Elongated Skull from Collegno 6th century. Source: Wikipedia

Social Structure among the Longobards in Northern Italy in the 6th and 7th centuries

Studies of ancient DNA on skeletons from two migration period cemeteries in Hungary and Italy tells us in detail about the social structure in the 6th and 7th centuries.

For some time, a group of scientists, archaeologists, and Historians have worked to explore how far studies of aDNA might help us understand the social and political situation in the migration period. More precisely, the group has been studying the composition and living circumstances of two “Longobard” settlements in respectively present-day Hungary and Northern Italy –Szólád and Collegna. Earlier studies have demonstrated that highly mobile groups of people inhabited both settlements. A new study, though, adds to the understanding of the social composition and organisations of these groups of people.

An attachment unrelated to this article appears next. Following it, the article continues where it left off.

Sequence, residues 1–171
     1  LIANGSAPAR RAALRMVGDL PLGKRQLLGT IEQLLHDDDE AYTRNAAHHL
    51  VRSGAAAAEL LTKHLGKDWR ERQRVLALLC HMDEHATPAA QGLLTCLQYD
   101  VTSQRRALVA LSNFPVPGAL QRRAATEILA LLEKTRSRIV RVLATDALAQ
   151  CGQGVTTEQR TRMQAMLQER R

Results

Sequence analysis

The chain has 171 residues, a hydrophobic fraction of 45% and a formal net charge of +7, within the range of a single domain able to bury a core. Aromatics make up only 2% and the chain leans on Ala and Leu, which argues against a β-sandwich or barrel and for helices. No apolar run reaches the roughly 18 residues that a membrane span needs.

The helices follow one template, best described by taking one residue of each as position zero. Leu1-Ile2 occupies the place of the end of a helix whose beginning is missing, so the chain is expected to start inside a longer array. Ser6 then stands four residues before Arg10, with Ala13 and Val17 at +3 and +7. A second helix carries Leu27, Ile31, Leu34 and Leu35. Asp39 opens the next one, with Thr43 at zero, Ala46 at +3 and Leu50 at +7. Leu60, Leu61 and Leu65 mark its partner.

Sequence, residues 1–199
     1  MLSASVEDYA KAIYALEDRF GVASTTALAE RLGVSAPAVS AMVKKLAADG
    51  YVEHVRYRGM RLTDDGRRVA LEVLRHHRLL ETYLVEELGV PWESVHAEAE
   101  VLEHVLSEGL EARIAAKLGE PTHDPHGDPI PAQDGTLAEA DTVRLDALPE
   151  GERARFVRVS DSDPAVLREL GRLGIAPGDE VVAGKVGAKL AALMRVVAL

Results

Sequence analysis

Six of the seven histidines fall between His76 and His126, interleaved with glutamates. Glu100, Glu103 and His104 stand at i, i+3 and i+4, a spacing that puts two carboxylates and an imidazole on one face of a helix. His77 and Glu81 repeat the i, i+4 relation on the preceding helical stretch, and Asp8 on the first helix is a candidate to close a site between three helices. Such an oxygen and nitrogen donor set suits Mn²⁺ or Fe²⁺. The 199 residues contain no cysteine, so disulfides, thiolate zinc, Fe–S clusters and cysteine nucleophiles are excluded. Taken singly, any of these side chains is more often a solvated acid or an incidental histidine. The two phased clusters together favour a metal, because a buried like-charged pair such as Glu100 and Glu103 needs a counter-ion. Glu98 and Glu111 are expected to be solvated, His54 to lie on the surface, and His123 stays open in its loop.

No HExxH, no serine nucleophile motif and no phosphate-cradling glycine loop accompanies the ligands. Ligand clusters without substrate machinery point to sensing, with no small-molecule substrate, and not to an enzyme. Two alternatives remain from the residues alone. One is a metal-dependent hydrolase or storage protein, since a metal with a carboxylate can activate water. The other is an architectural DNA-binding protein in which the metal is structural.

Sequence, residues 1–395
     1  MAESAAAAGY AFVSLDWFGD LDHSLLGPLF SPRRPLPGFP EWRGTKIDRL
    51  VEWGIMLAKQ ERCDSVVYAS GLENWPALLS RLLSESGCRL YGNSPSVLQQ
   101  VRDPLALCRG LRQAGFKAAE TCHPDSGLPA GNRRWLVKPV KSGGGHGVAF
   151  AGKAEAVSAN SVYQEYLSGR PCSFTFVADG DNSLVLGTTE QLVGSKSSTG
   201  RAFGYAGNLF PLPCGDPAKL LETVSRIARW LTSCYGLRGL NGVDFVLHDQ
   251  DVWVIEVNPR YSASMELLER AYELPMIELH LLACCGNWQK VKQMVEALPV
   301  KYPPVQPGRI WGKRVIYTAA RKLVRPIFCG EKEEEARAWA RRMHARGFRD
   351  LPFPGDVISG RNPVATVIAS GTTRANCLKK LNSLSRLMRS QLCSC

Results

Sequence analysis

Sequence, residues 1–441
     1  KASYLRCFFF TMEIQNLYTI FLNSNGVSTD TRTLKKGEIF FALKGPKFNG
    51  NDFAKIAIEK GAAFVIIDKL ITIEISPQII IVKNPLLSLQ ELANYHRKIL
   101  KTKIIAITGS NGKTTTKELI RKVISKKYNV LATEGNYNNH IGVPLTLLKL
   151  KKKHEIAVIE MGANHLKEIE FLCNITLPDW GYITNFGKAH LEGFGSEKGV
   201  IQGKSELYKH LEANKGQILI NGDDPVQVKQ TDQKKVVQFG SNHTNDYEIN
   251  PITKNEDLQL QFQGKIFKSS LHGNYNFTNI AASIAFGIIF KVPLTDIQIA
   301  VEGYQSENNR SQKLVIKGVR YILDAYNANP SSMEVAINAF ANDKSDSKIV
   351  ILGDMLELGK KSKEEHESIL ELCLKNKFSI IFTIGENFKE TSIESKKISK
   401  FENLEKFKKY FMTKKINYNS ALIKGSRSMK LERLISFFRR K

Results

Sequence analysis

Szólád

Cemetery at Szólád in Hungary from the turn of the 6th century. © Medieval Genetics

The cemetery at Szólád lies on the southern shore of Lake Balaton in the Pannonian Basin in present-day Hungary. Written sources tell us that the Longobards who entered Northern Italy in the 560’s came from here. Studies of the human remains from the 45 graves in the cemetery constitute a first part of the on-going project intended to follow in the footsteps of people in the migration period to gain a better understanding of how the events in the 6th and 7th centuries played out.

In the first wave of DNA-studies focus was on the mitochondrial DNA. These studies, as well as Isotopic analyses, showed that the settlers presented themselves as a highly mixed group of which at least 31% died in another location than that in which they grew up. Initially, a patrilocal group settled at Szólad accompanied by a group of females deriving from a wider geographical context. Soon after, though, people moved on. The patriarchal character of the society was revealed by the fact that the males obviously had enjoyed a protein-full diet; as opposed to that of the women. “The inferred dynamics of the burial community are in agreement with hypotheses of a highly mobile lifestyle during the Migration Period and a short-term occupation of Pannonia by Lombard settlers as conveyed by written sources”, wrote the authors of the first study.